Collie: These dogs are known for being very affectionate and loyal, which makes them perfect for helping people with disabilities. They’re also hypoallergenic and don’t shed much hair, which is great for people who have allergies or just don’t like pet hair everywhere.
Where to Find The Service Dogs?
There are many different places you can go to find a service dog. You can go to an animal shelter or rescue group, or you can buy one from a breeder. If you choose to buy from a breeder it is important that they are reputable and have health tests for both parents and puppies.
If you choose to adopt from an animal shelter or rescue group you will need to make sure that the organization is reputable as well. I would suggest looking up reviews on Google+ or Yelp before making any decisions about where your new best friend will come from!
Once you have found your new best friend there will be many things that need to be done before they can start working with you. The first thing is getting them trained by someone who specializes in this type of training (there are many options available). After that comes paperwork and certification which must be completed by an official agency such as: UAAVA (United Amputee Association of America), Paws With A Cause (PWAC), or Canine Companions for Independence (CCI).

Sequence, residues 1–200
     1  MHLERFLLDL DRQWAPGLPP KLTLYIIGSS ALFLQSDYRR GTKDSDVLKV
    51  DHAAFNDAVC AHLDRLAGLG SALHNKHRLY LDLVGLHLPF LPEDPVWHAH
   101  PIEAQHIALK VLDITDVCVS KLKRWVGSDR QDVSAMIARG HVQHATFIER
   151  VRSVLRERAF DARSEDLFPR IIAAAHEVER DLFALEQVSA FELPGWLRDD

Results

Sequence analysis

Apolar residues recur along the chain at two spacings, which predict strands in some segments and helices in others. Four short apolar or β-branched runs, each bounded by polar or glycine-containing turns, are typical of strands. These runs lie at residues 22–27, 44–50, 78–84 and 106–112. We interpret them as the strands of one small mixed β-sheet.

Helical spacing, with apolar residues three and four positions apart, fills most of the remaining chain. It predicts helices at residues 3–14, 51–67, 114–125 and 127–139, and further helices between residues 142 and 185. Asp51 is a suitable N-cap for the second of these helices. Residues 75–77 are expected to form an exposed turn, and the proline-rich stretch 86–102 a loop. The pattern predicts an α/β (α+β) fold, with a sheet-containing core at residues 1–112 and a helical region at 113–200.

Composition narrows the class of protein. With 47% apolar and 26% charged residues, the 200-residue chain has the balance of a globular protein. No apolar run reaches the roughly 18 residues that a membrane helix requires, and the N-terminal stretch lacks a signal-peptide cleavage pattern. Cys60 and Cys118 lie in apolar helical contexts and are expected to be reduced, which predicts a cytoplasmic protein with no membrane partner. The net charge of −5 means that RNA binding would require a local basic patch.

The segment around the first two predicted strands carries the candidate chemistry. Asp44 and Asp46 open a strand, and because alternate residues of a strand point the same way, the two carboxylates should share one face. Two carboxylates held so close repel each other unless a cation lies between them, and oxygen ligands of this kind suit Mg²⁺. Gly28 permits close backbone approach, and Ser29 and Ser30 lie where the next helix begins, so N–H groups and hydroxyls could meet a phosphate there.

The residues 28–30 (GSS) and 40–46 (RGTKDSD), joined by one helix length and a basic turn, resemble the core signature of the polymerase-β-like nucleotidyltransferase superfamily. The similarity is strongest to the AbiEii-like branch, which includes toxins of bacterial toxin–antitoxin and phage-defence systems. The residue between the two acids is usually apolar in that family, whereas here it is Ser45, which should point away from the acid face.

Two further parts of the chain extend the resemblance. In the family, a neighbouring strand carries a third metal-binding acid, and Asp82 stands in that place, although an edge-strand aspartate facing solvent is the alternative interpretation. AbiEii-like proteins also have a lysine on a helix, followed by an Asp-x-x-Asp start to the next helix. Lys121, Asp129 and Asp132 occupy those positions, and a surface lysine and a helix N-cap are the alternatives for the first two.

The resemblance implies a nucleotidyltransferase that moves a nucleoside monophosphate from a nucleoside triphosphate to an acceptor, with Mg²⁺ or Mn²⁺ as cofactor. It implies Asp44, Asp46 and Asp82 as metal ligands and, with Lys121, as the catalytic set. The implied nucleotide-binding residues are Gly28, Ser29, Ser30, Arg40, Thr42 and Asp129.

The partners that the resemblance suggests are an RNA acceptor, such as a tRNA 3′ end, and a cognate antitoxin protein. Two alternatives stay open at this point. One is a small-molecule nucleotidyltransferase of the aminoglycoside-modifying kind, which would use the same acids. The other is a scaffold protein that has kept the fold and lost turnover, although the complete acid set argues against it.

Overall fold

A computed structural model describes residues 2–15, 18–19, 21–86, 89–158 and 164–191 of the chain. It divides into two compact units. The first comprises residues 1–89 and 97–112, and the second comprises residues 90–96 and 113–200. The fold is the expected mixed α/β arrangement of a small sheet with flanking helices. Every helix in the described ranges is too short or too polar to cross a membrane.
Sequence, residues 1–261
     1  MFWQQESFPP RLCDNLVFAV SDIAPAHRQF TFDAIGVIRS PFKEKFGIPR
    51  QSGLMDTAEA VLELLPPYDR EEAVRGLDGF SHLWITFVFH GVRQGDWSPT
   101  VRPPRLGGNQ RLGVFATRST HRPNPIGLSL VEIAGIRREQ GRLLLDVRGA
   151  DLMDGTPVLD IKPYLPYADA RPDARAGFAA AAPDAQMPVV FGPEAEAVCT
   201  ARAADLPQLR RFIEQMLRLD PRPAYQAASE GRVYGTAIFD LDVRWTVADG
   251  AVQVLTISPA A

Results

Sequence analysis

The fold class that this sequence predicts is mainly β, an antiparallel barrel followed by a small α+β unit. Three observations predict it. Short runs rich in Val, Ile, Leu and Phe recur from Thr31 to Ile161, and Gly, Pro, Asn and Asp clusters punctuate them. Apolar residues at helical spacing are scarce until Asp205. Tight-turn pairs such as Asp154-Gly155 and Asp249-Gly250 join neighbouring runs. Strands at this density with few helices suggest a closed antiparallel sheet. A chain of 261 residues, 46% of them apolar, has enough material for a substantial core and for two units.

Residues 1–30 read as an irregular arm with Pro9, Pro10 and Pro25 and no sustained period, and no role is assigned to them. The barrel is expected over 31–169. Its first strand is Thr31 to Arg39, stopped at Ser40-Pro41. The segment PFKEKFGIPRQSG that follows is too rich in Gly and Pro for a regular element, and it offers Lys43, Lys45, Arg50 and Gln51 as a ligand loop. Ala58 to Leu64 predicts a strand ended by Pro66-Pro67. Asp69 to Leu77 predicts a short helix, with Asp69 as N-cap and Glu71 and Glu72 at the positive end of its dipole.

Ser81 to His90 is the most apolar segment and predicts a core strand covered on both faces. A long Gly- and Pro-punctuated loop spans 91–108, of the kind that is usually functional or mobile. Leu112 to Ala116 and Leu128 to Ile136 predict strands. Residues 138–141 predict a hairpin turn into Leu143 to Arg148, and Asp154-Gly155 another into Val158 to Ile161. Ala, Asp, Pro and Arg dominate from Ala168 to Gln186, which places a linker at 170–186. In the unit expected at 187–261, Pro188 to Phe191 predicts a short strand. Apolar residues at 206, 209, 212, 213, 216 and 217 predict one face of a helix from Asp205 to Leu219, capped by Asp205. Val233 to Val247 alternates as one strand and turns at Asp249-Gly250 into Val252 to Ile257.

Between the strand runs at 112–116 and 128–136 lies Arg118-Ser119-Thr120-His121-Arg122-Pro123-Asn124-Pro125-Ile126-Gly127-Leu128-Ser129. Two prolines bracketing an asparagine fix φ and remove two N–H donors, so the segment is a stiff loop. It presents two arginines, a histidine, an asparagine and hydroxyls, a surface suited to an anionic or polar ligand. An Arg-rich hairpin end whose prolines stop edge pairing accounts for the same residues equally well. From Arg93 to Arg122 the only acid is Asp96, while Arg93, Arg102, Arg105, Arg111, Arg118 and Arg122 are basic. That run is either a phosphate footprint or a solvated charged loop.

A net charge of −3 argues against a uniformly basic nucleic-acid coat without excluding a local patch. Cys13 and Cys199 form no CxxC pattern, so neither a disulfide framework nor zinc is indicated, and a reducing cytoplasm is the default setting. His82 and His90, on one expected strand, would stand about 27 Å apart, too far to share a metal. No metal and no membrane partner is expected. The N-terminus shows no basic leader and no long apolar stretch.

This can be one of the most difficult parts of adopting a new best friend as it can take anywhere from a few months to over a year. However, this is well worth the wait as it ensures that both you and your new best friend are properly prepared for the life-long bond that will come with each other.
What to Look out for When Searching for a Service Dog?
Here’s what to look out for when searching for a service dog.
1. Check their license: Service dogs are required by law to have a valid certification from their state or country of origin. This certificate will include information about their age, gender and breed as well as any certifications that they have received in order to perform their duties as a service animal. If the company doesn’t have this document on hand, it’s probably not a good sign!
2. Ask about training programs offered by the company: There are many different types of service dogs out there, each with specialized training requirements unique to its role performing tasks for people with disabilities such as autism spectrum disorders or PTSD symptoms due to military service. When interviewing potential organizations about their training programs make sure that they offer at least one course that fits your needs before committing yourself financially or emotionally (or both!).